Respect the Sikh Turban Campaign at the UK Parliament


Some Reflections on the launch of Respect the Sikh Turban Campaign at the UK Parliament on 27th March….writes Charan Kanwal Singh Sekhon (UK)

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It was truly shocking for me and the whole Sikh community when a man attempted to remove Ravneet Singh’s turban outside the UK Parliament and shouted “Muslim go back”. Ravneet made a special visit from Punjab was waiting in the queue as he had a meeting with MP Tanmanjeet Singh Dhesi. This clearly shows that some people in the western countries do not know the difference between Sikhs and Muslims.
Turban is worn by many other communities and sects around the globe (varies sects among Muslims in many countries, Hindu communities in India including Jaats, Rajpoots, Vanjara communities and many tribal communities in India and other Asian & Arabic countries) but the only religion that made it compulsory is the Sikh religion. Shia Muslims, who also regard turban-wearing as Sunnah Mu’akkadah (confirmed tradition) but keeping uncut hair and cover it with Turban is a unique and an integral part of Sikh religion.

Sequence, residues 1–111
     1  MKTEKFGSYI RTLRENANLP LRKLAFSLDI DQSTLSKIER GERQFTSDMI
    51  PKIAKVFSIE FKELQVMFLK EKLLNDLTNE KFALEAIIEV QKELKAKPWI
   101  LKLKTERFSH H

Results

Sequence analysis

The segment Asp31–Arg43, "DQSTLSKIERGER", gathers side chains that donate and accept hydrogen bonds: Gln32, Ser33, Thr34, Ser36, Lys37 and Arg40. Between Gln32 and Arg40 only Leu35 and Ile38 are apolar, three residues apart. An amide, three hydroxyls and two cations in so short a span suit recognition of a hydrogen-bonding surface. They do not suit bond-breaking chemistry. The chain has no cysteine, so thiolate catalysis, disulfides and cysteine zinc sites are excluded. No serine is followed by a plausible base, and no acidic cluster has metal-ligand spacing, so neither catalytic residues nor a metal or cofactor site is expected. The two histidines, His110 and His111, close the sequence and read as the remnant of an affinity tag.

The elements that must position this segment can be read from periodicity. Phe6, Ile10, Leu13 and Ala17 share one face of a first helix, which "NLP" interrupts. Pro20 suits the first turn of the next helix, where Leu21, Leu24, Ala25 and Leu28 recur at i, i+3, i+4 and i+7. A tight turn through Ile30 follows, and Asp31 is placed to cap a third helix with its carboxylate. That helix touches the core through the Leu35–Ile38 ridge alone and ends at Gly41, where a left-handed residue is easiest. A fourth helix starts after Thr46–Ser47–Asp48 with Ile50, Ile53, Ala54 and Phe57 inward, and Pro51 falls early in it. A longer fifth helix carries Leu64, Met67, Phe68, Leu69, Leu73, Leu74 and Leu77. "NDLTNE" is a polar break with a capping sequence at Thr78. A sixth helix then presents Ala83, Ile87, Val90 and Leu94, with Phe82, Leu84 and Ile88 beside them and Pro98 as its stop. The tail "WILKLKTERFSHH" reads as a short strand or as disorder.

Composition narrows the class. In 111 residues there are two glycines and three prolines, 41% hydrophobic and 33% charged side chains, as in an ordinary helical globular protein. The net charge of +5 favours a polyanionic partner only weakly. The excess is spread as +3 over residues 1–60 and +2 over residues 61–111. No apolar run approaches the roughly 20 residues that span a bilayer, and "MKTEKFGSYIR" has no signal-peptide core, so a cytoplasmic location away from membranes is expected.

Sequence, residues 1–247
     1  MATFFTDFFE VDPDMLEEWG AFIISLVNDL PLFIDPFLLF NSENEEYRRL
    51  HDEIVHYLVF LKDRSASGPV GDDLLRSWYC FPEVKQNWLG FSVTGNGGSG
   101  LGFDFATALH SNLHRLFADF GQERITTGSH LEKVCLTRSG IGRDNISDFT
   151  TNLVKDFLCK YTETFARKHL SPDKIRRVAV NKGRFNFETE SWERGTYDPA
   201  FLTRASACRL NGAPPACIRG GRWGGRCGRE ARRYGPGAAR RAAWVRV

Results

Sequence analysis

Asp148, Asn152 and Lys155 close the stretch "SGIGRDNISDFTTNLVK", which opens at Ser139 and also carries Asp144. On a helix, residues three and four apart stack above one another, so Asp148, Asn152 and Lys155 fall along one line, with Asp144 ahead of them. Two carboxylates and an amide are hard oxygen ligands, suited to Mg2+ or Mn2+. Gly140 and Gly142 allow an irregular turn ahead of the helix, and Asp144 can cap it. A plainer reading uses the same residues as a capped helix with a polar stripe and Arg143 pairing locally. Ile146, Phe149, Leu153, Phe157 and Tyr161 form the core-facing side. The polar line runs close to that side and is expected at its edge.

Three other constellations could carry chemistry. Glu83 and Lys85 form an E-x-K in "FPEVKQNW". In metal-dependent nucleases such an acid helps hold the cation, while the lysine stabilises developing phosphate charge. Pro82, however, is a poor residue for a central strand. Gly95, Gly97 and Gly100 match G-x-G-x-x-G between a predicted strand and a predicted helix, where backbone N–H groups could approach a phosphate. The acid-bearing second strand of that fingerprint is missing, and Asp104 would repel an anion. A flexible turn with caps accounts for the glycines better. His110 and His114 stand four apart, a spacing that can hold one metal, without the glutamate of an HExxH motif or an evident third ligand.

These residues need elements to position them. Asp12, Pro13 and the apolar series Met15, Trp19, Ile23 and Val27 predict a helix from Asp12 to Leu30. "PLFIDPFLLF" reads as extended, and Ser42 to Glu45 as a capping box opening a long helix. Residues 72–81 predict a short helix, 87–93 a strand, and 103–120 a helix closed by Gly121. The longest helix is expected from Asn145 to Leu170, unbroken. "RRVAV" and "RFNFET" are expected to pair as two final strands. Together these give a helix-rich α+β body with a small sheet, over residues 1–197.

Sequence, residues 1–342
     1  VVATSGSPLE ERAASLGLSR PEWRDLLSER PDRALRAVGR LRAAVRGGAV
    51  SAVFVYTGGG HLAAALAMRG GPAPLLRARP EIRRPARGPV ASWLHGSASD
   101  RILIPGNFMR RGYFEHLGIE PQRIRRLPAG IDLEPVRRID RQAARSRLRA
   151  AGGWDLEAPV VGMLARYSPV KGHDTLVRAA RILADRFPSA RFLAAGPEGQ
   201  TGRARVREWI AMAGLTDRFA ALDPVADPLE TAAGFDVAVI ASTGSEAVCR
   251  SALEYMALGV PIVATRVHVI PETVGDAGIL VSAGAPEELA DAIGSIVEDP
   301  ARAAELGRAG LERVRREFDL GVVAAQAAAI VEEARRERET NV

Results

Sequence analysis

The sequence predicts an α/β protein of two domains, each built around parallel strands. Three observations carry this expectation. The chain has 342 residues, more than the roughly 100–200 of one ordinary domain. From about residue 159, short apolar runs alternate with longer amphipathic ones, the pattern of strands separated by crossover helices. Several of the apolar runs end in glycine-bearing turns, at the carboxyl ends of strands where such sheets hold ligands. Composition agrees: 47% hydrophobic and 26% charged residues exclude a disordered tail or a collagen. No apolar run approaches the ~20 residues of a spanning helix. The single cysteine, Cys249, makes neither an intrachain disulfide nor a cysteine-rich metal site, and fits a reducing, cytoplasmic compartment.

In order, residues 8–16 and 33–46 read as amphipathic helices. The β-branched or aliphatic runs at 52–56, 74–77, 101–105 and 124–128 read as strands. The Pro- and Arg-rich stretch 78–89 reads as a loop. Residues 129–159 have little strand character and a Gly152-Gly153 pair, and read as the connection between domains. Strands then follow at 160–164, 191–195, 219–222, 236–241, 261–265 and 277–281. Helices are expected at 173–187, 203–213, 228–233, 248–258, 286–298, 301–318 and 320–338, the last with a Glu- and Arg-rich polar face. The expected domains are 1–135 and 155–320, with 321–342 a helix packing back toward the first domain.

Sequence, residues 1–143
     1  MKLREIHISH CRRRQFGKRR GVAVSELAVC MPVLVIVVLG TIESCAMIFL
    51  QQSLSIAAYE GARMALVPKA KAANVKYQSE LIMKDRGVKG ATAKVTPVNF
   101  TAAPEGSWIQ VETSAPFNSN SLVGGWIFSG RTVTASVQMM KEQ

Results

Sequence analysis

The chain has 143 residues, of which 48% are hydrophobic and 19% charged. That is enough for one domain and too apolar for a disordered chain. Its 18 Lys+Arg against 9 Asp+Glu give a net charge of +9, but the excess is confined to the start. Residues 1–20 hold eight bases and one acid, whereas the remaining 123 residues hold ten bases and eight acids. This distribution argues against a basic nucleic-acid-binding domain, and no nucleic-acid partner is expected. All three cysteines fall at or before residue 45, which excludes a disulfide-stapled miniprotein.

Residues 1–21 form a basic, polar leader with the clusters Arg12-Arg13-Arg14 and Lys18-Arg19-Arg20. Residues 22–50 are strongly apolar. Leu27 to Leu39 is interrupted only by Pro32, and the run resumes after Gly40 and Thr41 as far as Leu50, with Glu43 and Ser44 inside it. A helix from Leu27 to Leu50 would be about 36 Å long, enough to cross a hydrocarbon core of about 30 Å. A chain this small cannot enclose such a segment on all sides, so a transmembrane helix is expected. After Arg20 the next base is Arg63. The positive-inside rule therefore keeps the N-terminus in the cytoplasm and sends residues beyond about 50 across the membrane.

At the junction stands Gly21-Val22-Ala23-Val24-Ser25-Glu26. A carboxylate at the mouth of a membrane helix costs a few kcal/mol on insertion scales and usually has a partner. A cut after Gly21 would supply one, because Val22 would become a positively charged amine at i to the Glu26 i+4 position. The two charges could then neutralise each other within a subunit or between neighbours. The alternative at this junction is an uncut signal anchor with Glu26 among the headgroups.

Someone removing the turban is totally unacceptable to all Sikhs. For me my turban is not just a piece of cloth or just an article of faith, it has an immense spiritual, temporal significance and all the Sikhs regard it as a Sikh Crown gifted by the founders of the Sikh faith. The turban has been an integral part of the Sikh Tradition since the time of Guru Nanak Dev.
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I work for UK Government’s environmental regulatory body and often visit Government offices. Outside work I am a local councillor and heavily involved in community and charity work through SEVA Trust UK (an international charity working in the UK and India on Education, Environment and Health) and I visit the UK Parliament quite regularly for meetings and events. I have uncut beard and proudly wear a Turban. It never occurred to me that such incident could take place in front of the UK Parliament where we have turban wearing Lords, MP and Sikh staff members working at the Parliament.